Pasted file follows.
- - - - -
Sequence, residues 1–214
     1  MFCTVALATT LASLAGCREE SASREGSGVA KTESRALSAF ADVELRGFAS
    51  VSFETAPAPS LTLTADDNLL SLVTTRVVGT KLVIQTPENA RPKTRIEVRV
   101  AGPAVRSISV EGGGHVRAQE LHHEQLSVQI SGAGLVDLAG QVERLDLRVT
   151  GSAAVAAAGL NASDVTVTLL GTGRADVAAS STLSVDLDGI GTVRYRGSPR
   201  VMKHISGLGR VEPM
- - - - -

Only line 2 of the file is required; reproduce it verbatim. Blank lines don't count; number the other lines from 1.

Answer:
     1  MFCTVALATT LASLAGCREE SASREGSGVA KTESRALSAF ADVELRGFAS